What does feminism have to do with Chinese art?

What does feminism have to do with Chinese art?

OV Gallery’s new exhibition, "Shifting Definitions," asks if women’s issues are only Western issues

When Rebecca Catching, the director of OV Gallery, sought proposals for a group show with womanhood as its theme, many female Chinese artists resisted the suggestion that they might have something to say about their gender.

“They don’t want to be considered a woman artist and they also don’t want to be considered a feminist. There’s this idea that feminism is a Western import that doesn’t have anything to do with China,” Catching says.

Phoebe Man, one of the artists participating in the show, “Shifting Definitions,” says, “I take the position of a human being rather than a feminist when I work.”

Women’s (art) work: Papercuts and collages?

While Man distances herself from the F-word, she certainly doesn’t ignore gender-inflected issues. She uses paper cutting, traditionally a female art form, to create pictures that bravely address her own experience of sexual assault.

In several of her images, memories and fears of sexual harassment place wolves’ heads on men’s shoulders, or reduce them to disembodied hands.

Subway cars extend like groping hands from a man’s head in a piece entitled “MTR,” inspired by the statistic that most sexual assaults in Man’s home city of Hong Kong take place on public transport. 

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 Shifting Definitions - Phoebe ManPhoebe Man says deeply personal artworks like “MTR” allow one to “revisit bad memories, express one's point of view, confront misconceptions, and regain one’s power.” While Man is an academic, feminist theory is a much more prominent part of Australian artist Sally Smart’s work.

“I was a beneficiary of the enormous increase in women’s participation in the Western art world during the 1980s and 1990s,” says Smart.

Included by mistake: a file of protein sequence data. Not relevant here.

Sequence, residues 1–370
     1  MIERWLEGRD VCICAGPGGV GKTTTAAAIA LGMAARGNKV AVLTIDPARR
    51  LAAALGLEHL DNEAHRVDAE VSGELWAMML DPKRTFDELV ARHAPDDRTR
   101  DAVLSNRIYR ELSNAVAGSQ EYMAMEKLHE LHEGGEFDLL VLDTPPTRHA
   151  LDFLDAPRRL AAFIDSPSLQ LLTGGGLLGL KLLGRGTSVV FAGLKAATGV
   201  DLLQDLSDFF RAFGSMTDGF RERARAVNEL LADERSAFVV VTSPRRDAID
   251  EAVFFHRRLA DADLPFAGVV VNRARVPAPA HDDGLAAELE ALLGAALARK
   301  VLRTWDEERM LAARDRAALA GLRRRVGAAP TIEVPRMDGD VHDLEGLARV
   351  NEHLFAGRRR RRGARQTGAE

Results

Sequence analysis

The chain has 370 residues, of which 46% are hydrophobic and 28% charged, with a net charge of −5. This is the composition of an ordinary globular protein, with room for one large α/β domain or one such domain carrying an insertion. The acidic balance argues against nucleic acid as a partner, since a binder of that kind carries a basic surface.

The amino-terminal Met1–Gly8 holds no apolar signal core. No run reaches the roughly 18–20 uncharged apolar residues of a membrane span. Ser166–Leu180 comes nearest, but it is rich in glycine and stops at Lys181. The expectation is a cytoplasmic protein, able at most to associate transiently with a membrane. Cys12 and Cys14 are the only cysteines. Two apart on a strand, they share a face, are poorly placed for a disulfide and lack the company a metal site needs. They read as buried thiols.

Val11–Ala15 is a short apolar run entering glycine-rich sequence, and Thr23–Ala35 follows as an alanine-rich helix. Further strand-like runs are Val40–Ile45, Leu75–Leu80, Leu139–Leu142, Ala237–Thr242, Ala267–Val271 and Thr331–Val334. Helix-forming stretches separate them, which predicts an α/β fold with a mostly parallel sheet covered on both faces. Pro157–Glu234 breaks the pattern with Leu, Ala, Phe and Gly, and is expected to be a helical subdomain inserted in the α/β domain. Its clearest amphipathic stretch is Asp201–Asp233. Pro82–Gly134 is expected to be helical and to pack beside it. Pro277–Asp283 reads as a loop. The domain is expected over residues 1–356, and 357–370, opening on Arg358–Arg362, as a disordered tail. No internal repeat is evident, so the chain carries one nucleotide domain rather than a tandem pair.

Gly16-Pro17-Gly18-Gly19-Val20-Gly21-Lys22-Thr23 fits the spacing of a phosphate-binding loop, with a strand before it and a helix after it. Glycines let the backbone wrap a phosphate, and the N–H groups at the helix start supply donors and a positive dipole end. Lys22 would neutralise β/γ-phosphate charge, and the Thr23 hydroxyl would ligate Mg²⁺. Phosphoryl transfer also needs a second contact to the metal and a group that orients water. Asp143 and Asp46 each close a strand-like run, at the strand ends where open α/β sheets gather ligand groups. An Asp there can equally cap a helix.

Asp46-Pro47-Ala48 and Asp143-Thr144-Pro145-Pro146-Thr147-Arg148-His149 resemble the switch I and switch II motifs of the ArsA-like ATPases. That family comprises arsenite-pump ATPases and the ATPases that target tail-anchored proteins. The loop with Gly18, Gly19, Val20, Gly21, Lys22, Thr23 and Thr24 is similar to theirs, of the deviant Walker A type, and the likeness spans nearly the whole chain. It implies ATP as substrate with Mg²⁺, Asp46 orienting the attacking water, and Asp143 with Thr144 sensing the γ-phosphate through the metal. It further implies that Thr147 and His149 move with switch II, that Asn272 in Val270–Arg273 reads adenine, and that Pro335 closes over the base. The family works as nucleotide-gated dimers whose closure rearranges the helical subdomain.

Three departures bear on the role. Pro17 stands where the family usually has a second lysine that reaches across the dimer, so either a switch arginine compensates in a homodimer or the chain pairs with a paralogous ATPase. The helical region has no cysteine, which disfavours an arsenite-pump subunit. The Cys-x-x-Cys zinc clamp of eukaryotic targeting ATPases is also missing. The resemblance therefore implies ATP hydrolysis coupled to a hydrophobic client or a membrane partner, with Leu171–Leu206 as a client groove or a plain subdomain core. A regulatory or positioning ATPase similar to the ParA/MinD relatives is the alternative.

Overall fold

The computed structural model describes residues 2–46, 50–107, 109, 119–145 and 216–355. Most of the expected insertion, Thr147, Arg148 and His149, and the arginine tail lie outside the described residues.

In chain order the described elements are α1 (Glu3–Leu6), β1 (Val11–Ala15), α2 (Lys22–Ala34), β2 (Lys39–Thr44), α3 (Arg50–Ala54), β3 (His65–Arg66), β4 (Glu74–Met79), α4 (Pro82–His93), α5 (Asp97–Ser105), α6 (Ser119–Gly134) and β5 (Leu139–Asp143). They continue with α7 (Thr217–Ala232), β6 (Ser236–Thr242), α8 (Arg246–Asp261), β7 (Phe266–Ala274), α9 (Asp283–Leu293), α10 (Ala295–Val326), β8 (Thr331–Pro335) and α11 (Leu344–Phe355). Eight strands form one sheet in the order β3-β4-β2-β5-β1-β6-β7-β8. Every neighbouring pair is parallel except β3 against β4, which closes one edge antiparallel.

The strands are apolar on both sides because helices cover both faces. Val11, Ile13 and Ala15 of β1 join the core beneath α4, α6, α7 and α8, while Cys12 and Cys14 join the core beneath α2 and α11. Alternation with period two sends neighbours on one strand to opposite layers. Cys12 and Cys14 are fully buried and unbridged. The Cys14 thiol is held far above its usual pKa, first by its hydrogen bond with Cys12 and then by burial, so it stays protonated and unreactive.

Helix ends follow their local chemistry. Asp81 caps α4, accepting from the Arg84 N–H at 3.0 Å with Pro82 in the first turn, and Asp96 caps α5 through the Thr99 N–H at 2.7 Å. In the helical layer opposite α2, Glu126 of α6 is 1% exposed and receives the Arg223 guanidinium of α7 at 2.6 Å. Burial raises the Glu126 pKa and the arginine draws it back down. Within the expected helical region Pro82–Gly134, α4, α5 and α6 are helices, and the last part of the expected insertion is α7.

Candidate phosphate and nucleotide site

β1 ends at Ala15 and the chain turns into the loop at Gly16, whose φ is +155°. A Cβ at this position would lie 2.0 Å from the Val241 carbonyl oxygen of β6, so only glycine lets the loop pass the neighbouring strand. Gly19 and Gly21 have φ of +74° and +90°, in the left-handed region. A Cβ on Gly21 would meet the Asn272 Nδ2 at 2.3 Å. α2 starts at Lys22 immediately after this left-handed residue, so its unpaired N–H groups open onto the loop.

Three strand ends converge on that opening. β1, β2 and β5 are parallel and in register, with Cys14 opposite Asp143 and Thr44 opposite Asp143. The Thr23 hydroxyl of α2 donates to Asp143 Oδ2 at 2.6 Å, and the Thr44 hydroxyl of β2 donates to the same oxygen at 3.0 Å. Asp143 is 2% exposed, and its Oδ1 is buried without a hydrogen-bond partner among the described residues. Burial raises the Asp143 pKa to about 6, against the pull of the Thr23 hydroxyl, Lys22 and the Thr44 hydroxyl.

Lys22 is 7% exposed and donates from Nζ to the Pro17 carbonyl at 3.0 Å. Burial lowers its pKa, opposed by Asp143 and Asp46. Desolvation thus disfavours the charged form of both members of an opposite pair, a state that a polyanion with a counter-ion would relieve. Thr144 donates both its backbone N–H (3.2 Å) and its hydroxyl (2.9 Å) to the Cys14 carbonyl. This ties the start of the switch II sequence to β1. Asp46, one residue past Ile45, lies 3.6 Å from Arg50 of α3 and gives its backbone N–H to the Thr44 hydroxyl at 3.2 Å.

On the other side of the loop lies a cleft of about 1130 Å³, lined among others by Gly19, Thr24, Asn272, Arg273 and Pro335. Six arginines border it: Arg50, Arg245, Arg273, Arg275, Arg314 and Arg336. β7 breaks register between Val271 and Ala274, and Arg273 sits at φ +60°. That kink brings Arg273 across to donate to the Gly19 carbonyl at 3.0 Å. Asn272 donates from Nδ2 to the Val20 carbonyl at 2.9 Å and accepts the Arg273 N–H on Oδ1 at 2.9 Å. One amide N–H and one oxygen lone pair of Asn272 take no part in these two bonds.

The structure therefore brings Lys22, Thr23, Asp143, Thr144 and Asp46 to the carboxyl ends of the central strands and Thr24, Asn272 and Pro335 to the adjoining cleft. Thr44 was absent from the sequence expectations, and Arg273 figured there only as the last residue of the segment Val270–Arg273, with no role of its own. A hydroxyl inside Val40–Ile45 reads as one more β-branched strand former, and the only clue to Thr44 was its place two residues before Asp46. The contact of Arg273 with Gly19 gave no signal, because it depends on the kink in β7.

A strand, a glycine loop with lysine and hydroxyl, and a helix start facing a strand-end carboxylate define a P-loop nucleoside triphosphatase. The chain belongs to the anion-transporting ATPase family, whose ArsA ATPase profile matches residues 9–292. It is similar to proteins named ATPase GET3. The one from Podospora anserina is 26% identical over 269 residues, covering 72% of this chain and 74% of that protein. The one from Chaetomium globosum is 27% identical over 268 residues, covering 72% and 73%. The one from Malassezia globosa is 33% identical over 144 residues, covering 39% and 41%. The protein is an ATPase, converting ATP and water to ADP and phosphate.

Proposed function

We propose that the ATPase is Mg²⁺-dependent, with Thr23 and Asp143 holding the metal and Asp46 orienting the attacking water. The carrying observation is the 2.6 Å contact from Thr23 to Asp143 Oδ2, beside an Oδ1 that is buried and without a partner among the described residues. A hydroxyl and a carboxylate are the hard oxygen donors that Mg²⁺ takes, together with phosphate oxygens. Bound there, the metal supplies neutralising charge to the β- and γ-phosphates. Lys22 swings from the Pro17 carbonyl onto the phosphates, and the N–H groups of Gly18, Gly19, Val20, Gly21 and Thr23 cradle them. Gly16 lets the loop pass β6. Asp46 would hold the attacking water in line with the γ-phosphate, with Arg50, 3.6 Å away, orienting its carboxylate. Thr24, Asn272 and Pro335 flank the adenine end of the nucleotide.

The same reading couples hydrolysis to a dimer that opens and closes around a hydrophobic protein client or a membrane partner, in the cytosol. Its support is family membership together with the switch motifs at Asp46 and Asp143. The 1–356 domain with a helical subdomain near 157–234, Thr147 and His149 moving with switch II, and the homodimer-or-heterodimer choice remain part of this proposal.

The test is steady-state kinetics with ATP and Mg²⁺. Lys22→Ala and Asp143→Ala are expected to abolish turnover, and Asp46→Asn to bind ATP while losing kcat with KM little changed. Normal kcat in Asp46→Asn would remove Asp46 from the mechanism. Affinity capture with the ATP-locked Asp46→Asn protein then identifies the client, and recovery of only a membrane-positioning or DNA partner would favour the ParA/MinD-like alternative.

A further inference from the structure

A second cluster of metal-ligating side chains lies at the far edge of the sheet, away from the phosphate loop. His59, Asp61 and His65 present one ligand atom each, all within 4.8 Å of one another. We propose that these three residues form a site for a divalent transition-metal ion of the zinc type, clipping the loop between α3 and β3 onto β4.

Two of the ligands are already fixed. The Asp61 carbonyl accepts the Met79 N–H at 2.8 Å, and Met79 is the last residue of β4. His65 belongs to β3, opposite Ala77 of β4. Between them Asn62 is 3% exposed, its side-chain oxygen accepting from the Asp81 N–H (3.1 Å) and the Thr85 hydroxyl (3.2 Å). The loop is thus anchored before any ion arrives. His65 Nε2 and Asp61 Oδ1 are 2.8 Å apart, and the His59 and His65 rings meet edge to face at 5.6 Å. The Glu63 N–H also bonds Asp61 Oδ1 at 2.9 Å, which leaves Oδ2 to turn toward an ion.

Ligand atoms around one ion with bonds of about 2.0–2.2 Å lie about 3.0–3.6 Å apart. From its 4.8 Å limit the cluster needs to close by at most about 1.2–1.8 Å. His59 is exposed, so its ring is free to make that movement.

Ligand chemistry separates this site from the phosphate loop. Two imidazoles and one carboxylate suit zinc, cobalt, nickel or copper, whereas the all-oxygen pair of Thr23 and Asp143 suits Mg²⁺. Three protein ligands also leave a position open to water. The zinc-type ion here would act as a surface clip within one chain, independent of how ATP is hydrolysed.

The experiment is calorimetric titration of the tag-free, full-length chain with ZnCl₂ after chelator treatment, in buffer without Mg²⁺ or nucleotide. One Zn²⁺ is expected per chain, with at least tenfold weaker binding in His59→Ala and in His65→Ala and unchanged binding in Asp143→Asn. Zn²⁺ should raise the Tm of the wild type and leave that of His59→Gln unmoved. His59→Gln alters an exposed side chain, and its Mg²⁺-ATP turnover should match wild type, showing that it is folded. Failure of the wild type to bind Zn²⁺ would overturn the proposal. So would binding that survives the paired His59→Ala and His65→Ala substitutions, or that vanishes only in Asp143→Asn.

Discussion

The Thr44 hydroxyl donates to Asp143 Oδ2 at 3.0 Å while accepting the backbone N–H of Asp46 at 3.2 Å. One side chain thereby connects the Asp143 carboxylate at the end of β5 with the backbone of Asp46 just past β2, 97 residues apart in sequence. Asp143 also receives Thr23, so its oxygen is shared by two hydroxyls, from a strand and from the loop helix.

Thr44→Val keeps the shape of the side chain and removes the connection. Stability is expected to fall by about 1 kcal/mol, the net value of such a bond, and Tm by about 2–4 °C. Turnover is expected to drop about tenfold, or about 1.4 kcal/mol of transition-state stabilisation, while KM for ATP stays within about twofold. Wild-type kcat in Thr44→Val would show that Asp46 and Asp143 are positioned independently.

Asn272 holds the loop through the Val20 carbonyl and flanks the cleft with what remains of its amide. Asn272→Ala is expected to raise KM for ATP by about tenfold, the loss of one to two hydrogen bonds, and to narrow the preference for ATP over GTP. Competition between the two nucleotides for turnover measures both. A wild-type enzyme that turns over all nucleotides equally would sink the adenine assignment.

Feminism also contributed to the title of her wall-mounted multimedia piece, “Femmage Frieze.”

“The word femmage was used by the American feminist and theorist Miriam Shapiro in 1976 to describe work made by women historically and the multitude of techniques, including collage, photomontage and embroidery, that women have used,” she says.

Not all of the works in “Shifting Definitions” are made using traditionally female media.

Cui Xiuwen’s video piece, for instance, was recorded using a James Bond-style concealed camera installed by the bathroom mirror of a KTV parlor.

The exhibition also features a squat toilet, mounted on the wall like a urinal that uses a microphone to pick up sounds and, through a kind of sonic plumbing, emit them in another part of the gallery.

Yet Catching is conscious of the number of "craftsy" pieces in the show. 

“People who have a prejudice against craftsy stuff, I’ve really fought against that,” she says. “But, I do feel embarrassed because women artists have this stereotype of working with cloth and stuff that’s really craftsy, and a lot of the work falls into that category.”

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 Shifting Definitions - Cui XiuwenCui Xiuwen filmed all these single ladies in the bathroom of a KTV parlor.

Male feminism

The show has also challenged male Chinese artists.

“When I first brought up the idea, I think a lot of male artists thought, ‘What problems do women have? We’re all equal,’” says Catching.

In fact, one of the motivations for the exhibition was that in the art world women don’t yet “hold up half the sky,” as the Chinese proverb suggests they should.

“Over 50 percent of the artists going to art school [in China] are women, but when you look at the number that are actually practicing there are so few,” Catching says. “Ask someone to name five female Chinese contemporary artists and they would have trouble to do so.”

In many ways Chinese ideas about women’s roles are relatively progressive but even before opening “Shifting Definitions” has shown that there’s room for improvement.

“I had this one artist who proposed this video piece,” Catching says. “I said I really liked it and asked him what it means. He said, ‘Well, it’s like women are really stressed in their lives and there are some things they don’t need to worry about; they should let men worry about them instead.’ All I could think of is ‘Is that really where we’re at?’”

"Shifting Definitions," November 6 to December 18, OV Gallery, 19C Shaoxing Lu, near Shanxi Nan Lu 绍兴路19C号, 近陕西南路, +86 21 5465 7768, www.ovgallery.com
Sam Gaskin is an arts and culture journalist based in Shanghai.
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